Supply Chain

Inventory Control & Mgt, key guidelines

Businesses of all types & sizes suffer issues with stock control & inventory management.  Every business experience variances throughout the operation for a wide variety of reasons, all of which need to be managed in a timely fashion.

Effective management of your inventory will not only help with customer service, it is also critical when considering the bottom line, no one likes unwanted surprises.

These are our top tips and guidelines to effective Inventory management;

  1. Know your operation.  Knowing and appreciating your operational flow in terms of people, materials and finished goods will aid in the preparation of all necessary process’s. This is important not just only for the operation as a whole, but more fundamentally your storage facilities.
  2. What is your storage solution – is it fit for purpose?.   What inventory do you hold, is it palletised, temperature dependant, humidity dependant, degradable, subject to cross contamination, will there be fork trucks, what will be the inbound and out bound flow, people flow, truck flow, etc etc..  Getting your storage area set out ‘effectively’, ‘a place for everything and everything in its place’ will only help when it comes to managing your inventory effectively.
  3. The system.  Depending on your organisation, a spreadsheet or whiteboard may suffice, more often than not, a WH Mgt system will be needed.  Make sure it does all that you NEED & and hopefully a lot of what you want.  Training of the Team & interface with the team is key to success – user friendly & simplicity is often forgotten.
  4. Check all inbound stock at point of receipt & point of despatch.  The first part of the process is delivery & all deliveries should be checked Vs Orders Vs expectations.  Is it the right product? Is it the right quantity? Consider sampling methodologies. Is it the right quality? Classification, Good, Hold, Positive release, Quarantine, Reject etc. Is the packaging correct / fit for purpose? Is the accompanying paperwork correct? Batch Numbers / BBE / UB / Spec correct?
    Once product is ‘accepted’ you’re are now financially responsible for it. Having a robust intake / movement/ despatch procedure is a good start to ensuring inventory accuracy.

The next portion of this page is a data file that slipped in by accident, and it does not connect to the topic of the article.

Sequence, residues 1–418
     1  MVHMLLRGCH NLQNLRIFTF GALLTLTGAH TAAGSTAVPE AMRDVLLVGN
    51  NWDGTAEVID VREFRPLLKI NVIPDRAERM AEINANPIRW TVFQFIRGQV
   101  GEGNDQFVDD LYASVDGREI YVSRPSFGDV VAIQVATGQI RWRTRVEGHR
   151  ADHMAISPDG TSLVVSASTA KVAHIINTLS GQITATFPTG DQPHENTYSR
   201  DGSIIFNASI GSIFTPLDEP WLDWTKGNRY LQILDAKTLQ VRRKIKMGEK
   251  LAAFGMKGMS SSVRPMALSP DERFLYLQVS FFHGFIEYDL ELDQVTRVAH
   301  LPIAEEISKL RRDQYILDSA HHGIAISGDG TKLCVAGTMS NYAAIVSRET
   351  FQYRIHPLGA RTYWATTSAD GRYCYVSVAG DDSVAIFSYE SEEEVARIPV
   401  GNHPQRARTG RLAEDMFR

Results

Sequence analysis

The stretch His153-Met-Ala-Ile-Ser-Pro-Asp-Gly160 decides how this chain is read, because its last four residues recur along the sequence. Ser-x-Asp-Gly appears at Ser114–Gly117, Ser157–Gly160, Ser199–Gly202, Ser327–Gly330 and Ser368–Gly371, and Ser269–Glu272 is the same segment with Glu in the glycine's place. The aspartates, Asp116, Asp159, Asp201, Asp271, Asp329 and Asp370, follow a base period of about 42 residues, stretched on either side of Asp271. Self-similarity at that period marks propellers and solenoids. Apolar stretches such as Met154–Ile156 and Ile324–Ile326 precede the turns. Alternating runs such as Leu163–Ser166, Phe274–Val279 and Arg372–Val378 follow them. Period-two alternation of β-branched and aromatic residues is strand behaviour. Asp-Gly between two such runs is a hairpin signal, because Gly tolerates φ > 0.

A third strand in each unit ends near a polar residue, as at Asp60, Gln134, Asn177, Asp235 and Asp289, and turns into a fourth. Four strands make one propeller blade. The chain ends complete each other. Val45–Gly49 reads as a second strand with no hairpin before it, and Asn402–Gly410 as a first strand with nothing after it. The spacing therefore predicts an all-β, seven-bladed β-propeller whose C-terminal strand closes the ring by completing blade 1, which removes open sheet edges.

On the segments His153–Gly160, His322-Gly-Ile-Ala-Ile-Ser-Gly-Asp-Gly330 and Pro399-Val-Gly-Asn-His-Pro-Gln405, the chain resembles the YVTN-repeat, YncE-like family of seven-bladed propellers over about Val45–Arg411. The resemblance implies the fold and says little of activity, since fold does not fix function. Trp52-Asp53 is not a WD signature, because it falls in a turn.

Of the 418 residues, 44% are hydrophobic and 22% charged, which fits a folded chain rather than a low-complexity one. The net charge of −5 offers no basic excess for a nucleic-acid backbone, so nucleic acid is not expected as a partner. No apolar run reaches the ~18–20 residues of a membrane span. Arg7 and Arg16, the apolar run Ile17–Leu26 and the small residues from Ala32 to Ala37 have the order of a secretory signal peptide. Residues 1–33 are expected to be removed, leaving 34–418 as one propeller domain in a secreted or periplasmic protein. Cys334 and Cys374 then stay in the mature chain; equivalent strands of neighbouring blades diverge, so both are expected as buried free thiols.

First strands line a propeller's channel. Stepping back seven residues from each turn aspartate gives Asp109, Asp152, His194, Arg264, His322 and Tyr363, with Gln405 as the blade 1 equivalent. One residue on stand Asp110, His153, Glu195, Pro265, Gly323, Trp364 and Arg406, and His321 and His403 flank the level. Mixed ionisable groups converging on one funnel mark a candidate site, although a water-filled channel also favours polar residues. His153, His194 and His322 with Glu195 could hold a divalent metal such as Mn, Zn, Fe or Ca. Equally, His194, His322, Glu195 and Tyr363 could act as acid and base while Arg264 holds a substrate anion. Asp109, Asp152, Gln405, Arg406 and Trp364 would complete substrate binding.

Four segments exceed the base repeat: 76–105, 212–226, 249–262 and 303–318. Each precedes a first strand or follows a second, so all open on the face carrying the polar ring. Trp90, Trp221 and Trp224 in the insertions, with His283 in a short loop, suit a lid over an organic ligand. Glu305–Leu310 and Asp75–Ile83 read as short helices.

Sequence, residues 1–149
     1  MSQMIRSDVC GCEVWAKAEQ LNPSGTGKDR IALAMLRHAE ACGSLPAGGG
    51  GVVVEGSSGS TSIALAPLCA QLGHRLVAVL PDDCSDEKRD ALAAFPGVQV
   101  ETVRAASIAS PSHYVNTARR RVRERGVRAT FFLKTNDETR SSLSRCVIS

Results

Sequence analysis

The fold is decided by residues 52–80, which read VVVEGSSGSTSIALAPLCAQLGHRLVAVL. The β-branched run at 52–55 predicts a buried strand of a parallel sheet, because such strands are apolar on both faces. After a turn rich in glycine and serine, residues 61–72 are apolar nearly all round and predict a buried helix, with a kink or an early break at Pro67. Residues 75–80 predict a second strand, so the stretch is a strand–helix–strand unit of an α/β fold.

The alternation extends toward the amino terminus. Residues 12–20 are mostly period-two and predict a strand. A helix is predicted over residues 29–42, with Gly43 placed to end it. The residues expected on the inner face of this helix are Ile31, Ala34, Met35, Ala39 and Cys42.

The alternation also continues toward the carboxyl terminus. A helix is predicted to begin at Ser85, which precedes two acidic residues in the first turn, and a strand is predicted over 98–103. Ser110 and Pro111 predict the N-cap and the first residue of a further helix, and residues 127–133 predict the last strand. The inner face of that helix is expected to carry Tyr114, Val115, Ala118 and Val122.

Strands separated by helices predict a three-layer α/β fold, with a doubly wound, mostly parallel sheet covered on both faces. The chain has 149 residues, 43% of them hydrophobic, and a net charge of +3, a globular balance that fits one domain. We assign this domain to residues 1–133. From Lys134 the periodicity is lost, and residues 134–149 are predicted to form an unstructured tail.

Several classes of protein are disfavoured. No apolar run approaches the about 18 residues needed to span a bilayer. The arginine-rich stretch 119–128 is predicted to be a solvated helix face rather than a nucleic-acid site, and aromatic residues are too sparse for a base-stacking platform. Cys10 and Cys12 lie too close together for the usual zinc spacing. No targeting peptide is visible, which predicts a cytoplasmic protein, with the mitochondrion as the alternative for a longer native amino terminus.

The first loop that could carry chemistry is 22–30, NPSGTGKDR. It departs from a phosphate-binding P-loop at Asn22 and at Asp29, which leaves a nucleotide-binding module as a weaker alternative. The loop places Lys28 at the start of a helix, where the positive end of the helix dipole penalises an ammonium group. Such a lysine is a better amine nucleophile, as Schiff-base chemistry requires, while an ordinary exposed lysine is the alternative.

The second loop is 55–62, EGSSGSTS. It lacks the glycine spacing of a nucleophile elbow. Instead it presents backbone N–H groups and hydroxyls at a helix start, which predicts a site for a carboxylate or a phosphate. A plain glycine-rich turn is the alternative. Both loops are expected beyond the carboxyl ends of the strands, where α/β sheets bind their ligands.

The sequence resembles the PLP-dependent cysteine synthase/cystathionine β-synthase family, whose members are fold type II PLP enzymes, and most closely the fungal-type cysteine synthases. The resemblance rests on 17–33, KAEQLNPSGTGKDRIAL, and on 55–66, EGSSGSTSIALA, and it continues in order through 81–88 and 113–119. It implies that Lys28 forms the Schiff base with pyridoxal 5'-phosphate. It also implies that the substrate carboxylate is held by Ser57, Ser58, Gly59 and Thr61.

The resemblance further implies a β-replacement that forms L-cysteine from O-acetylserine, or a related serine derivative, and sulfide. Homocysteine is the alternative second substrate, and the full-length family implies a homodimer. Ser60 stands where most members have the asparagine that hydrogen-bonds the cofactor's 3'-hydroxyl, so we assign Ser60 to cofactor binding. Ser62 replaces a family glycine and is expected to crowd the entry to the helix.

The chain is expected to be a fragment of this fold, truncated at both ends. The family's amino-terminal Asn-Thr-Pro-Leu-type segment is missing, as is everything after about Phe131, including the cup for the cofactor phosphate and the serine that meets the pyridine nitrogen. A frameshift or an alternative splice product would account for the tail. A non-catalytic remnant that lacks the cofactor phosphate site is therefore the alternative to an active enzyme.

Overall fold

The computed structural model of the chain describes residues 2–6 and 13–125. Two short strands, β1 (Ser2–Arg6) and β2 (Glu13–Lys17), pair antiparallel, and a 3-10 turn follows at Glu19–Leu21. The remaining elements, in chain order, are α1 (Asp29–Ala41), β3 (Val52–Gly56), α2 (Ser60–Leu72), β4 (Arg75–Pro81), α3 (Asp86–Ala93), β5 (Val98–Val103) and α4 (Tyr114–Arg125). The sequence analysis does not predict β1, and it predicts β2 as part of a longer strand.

The same is true for outbound, internal & external.
  5. Location, location, location. There are many things to consider here, going back to points 1. & 2., you will have an understanding of fast and slow moving products, allergens, organic materials, hazardous materials, similar materials etc. etc.,
    Thus you will be able to plan where everything should live.  Consider Cheese, Mature Vs Extra Mature with similar product codes, would you put them together where they could easily get confused, thus wrong inventory and valuation?.
    Allergens need even more consideration in food establishments, no one wants to hospitalise customers.
    Where appropriate a structured and labelled location protocol should also be used to allow for system interrogation.
  6. Name / Code / Label your inventory clearly. Common sense really, at some point materials / goods will need to be picked / receipted & checked, in the main manually, but sometimes electronically, so materials / goods need to be labelled correctly at the point of receipt into any warehouse / storage facility.  Give consideration to coding structures, e.g. Packaging items starting with a ‘P’, organic items on Yellow labels and so on.  Visuality can be a great asset to inventory mgt and control.  Good practice here again will help inventory accuracy.
  7. Picking in Rotation / Batch control.  Some materials have BBE or UB and or Batch Codes.  At point of receipt this needs to be clear and known allowing the operation to use the correct materials in the correct way.  It will also allow the operation to clearly identify ‘distressed’ stock, allowing this to be managed.
  8. Product returns.  Seems obvious, but there needs to be a robust process for managing returns, from both internal and external customers, thus being able to maintain inventory integrity.
  9. Stock levels.  Stock levels – need to be consistently challenged, needs vs wants vs price vs space vs operational effectiveness.  There is no one size fits all solution to this, but models such as the Wilson EOQ Model, however effective means different things to different organisations and indeed those within an organisation, and thus you need to find solutions that work for you, your business and your constraints / expectations.
  10. Regular stock reconciliation.   Carrying out regular stock reconciliation can be done in a number of separate way, stock take, stock check or PI, or as I would recommend a structured process of stock check & PI.
  11. KPI & Reporting.  A number of key KPI’s, waste, vendor mgt, stock errors, stock accuracy etc., should be used to help manage inventory levels, issues and flows.  Would also recommend regular variance analysis to get to & solve root cause issues.
  12. The one that everyone usually forgets – THE TEAM.  The team need to be trained & trusted to follow / utilise & improve the inventory control process at every stage, without them, the above is nigh on useless!

Feel free to contact us at Purely Supply Chain if you would like or need help & advice.

 

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